Homeostatic and non-homeostatic control of feeding and behaviour
thesisposted on 14.09.2020, 03:14 by RACHEL ELISE CLARKE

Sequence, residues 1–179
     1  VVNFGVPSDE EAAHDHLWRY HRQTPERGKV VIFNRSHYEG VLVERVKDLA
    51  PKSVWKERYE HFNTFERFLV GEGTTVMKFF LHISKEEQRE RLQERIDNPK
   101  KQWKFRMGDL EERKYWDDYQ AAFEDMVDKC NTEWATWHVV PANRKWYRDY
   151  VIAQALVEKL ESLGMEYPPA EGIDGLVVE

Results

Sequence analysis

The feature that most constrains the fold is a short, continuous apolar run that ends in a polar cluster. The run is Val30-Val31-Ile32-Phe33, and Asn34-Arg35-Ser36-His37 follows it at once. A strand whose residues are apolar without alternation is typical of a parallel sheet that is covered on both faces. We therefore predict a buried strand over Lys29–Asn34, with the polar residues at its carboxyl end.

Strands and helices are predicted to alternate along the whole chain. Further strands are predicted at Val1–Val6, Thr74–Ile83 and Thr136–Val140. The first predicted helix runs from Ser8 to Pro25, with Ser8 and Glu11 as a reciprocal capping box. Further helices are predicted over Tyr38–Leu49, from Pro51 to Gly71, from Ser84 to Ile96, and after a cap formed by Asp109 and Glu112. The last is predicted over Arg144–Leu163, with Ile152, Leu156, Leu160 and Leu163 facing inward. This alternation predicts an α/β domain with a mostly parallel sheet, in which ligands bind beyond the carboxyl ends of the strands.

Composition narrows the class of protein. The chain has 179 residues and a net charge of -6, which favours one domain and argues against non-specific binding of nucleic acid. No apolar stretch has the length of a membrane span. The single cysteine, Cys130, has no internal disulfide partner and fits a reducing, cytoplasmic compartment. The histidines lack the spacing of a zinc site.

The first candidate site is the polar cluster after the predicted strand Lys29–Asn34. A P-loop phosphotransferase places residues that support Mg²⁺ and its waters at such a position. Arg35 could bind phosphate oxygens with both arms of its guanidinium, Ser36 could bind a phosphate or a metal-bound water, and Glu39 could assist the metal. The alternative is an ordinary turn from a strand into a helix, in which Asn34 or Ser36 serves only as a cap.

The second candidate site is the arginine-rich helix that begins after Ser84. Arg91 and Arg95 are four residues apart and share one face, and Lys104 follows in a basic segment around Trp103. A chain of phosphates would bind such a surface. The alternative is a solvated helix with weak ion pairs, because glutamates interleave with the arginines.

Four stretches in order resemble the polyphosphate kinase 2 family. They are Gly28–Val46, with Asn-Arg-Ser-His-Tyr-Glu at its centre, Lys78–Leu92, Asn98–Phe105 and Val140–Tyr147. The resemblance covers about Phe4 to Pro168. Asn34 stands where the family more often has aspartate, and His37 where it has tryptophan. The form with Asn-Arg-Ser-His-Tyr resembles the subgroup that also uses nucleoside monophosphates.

This thesis considers both the homeostatic and non-homeostatic neural mechanisms that influence feeding and behaviour. We use cutting edge techniques to investigate homeostatic and non-homeostatic neural circuits in mice to determine their influence over feeding and behaviour. Our findings demonstrate that homeostatic circuits can influence behaviour, while non-homeostatic circuits exist that can override metabolic signals. These non-homeostatic circuits may be relevant for conditions such as obesity and anorexia.